 Passwords for all DBA operating system accounts and database accounts are strong
passwords, and are changed when administrators/contractors leave positions.
See: Password complexity guidelines
 If the DBA and developer roles are being filled by a single person, changes are approved
by the Data Proprietor.

User Database Roles / Permissions / Passwords /


Management & Reporting
 Secure authentication to the database is used.
 The procedure for provisioning and reviewing access to the database is documented. The
data proprietor has signed the procedures document.
 Only authorized users have access to the database.
 Users are granted the minimal permissions necessary for their job function in the
database. Permissions are managed through roles or groups, and not by direct grants to
user IDs where possible.
 Strong passwords in the database are enforced when technically possible, and database
passwords are encrypted when stored in the database or transmitted over the
network.
 Applications require individual database login/password and roles/grants when possible.
When not possible, application accounts may be utilized. However, the login ID and
password must be secured in this case, and this information does not exist on the client
workstation.
 Applications should manage user permissions and auditing to meet the Data Proprietors
requirements.
 User database objects with restricted data do not have public grants when possible.
Document any public grants if needed in databases with restricted data.
 Non-DBA accounts do not allow the granting of roles or permissions in any environment
with restricted data (QA, Production, Dev).
 Database accounts are locked after at most six failed logins.
 Procedure to address inactive users are documented and approved by the Data
Proprietor.
 A report of elevated database permissions is provided to the data proprietor by the DBAs
on a quarterly basis.
 A report of all access rights for users is provided to the data proprietor by the DBAs on a
regular basis. Twice a year is the recommended interval.

Restricted Data
 Only the restricted data required for the business function is kept within the database.
When possible, historical information is purged when no longer required.
 Redundancy of restricted data is eliminated throughout the system, and shadowing of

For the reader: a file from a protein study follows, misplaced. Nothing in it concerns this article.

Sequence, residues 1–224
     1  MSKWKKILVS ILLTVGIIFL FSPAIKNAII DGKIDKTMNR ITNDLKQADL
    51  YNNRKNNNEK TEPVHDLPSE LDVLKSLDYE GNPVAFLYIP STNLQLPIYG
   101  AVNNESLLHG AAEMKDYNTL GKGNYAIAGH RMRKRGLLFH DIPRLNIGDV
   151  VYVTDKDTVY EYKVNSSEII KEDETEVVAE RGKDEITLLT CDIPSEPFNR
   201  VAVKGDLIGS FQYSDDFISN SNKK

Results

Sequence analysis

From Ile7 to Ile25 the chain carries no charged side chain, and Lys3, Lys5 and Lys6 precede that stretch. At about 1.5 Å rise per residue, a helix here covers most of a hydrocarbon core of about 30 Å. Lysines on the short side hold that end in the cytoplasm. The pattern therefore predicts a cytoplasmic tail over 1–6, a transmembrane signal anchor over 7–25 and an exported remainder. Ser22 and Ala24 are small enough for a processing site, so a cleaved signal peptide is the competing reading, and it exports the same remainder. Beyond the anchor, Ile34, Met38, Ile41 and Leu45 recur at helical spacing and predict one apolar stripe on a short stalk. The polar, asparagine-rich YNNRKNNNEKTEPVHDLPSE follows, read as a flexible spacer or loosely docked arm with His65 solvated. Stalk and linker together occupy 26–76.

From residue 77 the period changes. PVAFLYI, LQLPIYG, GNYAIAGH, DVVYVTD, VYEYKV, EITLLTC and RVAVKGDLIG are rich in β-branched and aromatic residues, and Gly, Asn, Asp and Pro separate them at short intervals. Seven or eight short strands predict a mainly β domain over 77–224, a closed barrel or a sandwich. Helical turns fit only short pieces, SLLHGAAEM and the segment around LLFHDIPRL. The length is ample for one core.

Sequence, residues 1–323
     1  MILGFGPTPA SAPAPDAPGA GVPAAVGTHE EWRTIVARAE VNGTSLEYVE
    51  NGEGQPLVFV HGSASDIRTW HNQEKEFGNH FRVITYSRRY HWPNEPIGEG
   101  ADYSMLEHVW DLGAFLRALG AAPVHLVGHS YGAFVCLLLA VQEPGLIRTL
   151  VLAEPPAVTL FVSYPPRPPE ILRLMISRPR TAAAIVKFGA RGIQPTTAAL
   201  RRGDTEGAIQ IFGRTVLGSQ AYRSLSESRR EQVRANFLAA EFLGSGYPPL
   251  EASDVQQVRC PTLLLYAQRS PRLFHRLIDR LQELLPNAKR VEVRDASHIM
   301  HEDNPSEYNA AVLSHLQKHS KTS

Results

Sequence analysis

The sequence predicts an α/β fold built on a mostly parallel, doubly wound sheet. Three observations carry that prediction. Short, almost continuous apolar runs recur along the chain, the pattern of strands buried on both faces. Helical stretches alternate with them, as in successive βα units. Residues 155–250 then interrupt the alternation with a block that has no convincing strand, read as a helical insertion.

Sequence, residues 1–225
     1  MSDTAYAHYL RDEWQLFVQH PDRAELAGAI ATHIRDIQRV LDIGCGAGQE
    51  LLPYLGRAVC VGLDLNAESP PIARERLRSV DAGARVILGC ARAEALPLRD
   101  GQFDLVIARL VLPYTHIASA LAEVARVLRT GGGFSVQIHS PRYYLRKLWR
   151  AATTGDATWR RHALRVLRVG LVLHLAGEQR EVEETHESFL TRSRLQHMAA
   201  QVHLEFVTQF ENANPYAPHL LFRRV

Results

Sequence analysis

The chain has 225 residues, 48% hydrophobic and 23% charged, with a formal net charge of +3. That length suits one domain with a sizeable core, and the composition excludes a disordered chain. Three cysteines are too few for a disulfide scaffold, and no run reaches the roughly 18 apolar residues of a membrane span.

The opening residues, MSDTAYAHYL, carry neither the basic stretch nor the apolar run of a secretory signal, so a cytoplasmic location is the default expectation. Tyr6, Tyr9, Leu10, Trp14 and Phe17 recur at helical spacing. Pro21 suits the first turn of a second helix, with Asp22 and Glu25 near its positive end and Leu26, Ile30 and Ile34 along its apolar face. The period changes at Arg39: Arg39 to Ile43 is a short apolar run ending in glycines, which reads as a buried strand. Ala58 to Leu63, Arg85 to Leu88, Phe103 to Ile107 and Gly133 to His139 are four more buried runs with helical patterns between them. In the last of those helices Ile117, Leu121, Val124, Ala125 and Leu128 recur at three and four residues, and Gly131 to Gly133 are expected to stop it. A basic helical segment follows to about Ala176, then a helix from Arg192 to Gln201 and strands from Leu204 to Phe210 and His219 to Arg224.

restricted data outside the system of record is avoided wherever possible. Hashing
functions are applied to restricted data elements before storing if the data is only required
for matching purposes. If possible, disassociate restricted data from personally
identifiable information and keep offline until needed. If data transfers are required for
other applications, notify them of restricted data and its security requirements.
 Restricted data in non-production environments is held to the same security standards as
production systems. In cases where non-production environments are not held to the
same security standard as required in production, data in these non-production
environments must either be encrypted using industry-standard algorithms, or else test
data must be made up for these systems. Data obfuscation is not sufficient.
 The restricted data elements within the database are documented.
 Restricted data is never used as a key in a table.

Change Management
 Change management procedures are documented and meet the data proprietor’s
requirements.
 Change management controls are in place to log all changes to the production
database.
 All programs scheduled to run against the database which read or modify production data
are documented.

Database Auditing
 All logins to operating system and database servers, successful or unsuccessful, are
logged. These logs are retained for at least one year.
 Database objects with restricted data have auditing turned on where technically
possible.
 Audit logs are regularly reviewed by knowledgeable and independent individuals
appointed by the data proprietor to meet the data proprietor’s requirements. These
requirements and the review process are documented.
 Accounts that are locked due to maximum database login failures trigger an automatic
notification of the security administrator(s) responsible for this system.
Database Backup & Recovery
 The backup and recovery procedures are documented and meet data proprietor’s
requirements.
 Backup and recovery procedures are periodically tested.
 Backup retention intervals are documented and sufficient to meet the business resumption
requirements and expectations of the data proprietor.

Database Encryption & Key Management


 Restricted data is encrypted during transmission over the network using encryption
measures strong enough to minimize the risk of the data’s exposure if intercepted or
misrouted from database to client workstation.
 If database-level encryption for restricted data is implemented, procedures for secure key
management are documented. (Check National Institute of Standards and Technology
(NIST) for current recommendations.) Note: It is recommended that all application
layers (network, application, client workstation) are already encrypted before encrypting
the database. Database encryption is not a substitute for any of the above requirements.
Database encryption of restricted data is not mandatory to meet this standards document.
 For data subject to disclosure that is encrypted at storage, the means to decrypt must be
available to more than one person and approved by the data proprietor.
 Backup tapes store backups of the database in an encrypted format, and the tapes do not
store the plain text encryption keys necessary to decrypt the backups.
 Key management procedures for decrypting backups are documented, available to more
than one person and approved by the data proprietor.